Where Il Mondo della Luna takes a decidedly innovative turn (especially when one considers its 18th century heritage), is in its supposed “trip to the moon,” which is of course purely a trompe d’oeil conceived of by Ecclitico after he drugs Buonafede and then converts a garden into a moonscape. Ecclitico’s moon conforms perfectly with Buonafede’s ideas of a subjugated womankind, and Ecclitico is of course able to weasel the elder man into releasing his daughters to marry whom they choose, before the illusion is dispelled and Buonafede, after a brief temper tantrum, comes to his senses and begins to act more reasonably.

This production is filled with considerable whimsy and invention, and for once a modern restaging works near perfectly with the source material. The incredibly ingenious set design and use of props provides nonstop delight throughout the opera’s three acts. The opening multi-level staging is really quite enticing, with lots of high tech gear filling the stage and helping the entire audience to understand Buonafede’s remarkable gullibility. When Clarice and Flaminia lament their lot as the daughters of an abhorrently controlling father, they do so from a jail like window on the second floor of their home. Suddenly, when we need to see into their abode, a wall flips down and becomes a cantilevered stage. Later, after Buonafede has been drugged and imagines he’s flying to the moon, he’s really lifted aloft as he slumps on a lawn chair. It’s all subtly anachronistic and hilarious at the same time.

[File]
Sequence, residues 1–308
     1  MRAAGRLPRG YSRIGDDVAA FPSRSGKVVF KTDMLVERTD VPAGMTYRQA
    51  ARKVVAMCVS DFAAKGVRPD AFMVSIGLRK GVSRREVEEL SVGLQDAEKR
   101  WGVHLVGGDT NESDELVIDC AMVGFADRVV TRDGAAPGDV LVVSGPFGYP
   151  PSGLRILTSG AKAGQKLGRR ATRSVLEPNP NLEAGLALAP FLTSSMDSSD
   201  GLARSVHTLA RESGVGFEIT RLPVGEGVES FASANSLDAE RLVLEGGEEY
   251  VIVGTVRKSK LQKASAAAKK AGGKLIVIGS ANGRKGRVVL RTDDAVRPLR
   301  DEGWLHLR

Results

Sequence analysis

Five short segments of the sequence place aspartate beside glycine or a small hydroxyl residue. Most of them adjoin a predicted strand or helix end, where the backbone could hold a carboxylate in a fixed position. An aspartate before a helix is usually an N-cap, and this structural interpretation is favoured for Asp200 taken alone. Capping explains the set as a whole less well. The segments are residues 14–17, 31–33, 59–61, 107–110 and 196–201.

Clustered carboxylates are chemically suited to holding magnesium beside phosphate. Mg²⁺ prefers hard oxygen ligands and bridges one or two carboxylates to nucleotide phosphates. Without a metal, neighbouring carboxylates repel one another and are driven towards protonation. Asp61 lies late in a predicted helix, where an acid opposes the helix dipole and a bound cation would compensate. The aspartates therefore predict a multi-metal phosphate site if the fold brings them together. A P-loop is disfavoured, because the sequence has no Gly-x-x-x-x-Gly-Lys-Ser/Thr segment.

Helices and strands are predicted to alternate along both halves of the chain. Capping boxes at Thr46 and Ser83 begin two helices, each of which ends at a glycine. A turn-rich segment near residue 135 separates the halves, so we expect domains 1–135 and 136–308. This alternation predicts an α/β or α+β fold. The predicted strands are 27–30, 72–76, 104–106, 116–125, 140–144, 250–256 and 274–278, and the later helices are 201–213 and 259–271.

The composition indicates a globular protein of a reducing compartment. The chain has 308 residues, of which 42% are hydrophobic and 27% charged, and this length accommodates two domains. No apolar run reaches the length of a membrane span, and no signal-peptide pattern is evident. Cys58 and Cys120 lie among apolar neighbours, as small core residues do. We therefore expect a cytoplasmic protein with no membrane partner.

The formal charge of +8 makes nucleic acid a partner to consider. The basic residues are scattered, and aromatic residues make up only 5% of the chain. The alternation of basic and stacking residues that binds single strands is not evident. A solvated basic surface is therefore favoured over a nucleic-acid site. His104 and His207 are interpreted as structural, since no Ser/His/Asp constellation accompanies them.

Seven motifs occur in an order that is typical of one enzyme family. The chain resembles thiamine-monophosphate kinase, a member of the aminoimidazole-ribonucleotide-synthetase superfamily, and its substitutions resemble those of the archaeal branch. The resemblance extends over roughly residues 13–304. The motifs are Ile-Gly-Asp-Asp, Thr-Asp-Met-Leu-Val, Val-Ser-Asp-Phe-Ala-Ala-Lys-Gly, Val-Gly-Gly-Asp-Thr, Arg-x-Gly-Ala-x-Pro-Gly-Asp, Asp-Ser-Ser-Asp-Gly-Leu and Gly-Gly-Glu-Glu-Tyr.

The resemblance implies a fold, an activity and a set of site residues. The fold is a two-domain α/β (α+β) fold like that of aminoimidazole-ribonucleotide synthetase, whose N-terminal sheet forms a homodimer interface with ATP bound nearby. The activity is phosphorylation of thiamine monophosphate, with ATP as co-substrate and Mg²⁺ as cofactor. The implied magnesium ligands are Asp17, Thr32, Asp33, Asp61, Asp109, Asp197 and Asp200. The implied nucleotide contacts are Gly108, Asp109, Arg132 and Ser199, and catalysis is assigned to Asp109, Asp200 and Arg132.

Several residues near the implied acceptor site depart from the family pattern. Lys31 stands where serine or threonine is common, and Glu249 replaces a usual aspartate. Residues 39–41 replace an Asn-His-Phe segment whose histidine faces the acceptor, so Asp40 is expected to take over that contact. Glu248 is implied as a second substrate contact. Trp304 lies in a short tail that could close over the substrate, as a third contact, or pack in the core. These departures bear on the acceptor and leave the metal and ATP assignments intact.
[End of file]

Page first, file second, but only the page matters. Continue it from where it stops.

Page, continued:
Haydn was slowly exploring the potential of the operatic idiom in Il Mondo della Luna, and while his score may not have the towering arias of some of his contemporaries, his brilliant orchestral technique, including several balletic interludes, are remarkable and extremely colorful. This is music that dances as much as it sings, and under the redoubtable baton of Harnoncourt, whose period music explorations virtually invented the practice as far back as the early 1950s. Here he is working with a number of younger singers, but the entire cast acquits itself quite admirably, with Richter’s Ecclitico and Henschel’s Buonafede easy standouts.

What will probably delight most audiences though is the incredibly inventive staging of Tobias Moretti, a rare actor who seems to put the needs of his script above those of his ego. Here everything works in tandem wonderfully well to support the literally lunatic frenzy of Ecclitico’s valiant attempts to get Buonafede to understand the idiocy of his ways. This is farce as it should be, with just the right amount of over the top shtick playing hand in hand with more heartfelt elements. This piece may not exactly be one giant leap for operatic mankind, but it is a decidedly welcome small step for man in helping to raise awareness of the joys of Haydn’s operatic oeuvre.